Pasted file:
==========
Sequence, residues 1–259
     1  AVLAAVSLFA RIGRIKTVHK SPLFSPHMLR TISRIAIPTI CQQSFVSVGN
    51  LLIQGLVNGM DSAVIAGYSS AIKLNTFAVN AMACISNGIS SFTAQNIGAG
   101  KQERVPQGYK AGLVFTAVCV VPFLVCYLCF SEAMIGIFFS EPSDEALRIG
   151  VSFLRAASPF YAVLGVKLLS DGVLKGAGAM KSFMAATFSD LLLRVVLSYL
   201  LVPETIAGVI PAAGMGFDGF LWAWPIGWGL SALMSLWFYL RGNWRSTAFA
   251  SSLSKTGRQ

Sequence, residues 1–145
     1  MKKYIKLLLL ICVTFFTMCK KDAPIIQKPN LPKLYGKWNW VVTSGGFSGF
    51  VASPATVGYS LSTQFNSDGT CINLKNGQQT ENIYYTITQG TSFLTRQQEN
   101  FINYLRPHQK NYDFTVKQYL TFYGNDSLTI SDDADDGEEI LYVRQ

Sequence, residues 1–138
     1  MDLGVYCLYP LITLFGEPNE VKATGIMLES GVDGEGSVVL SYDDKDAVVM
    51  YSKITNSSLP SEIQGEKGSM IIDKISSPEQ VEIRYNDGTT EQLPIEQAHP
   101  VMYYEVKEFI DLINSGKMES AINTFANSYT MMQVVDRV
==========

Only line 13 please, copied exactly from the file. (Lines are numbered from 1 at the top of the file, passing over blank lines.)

     1  MDLGVYCLYP LITLFGEPNE VKATGIMLES GVDGEGSVVL SYDDKDAVVM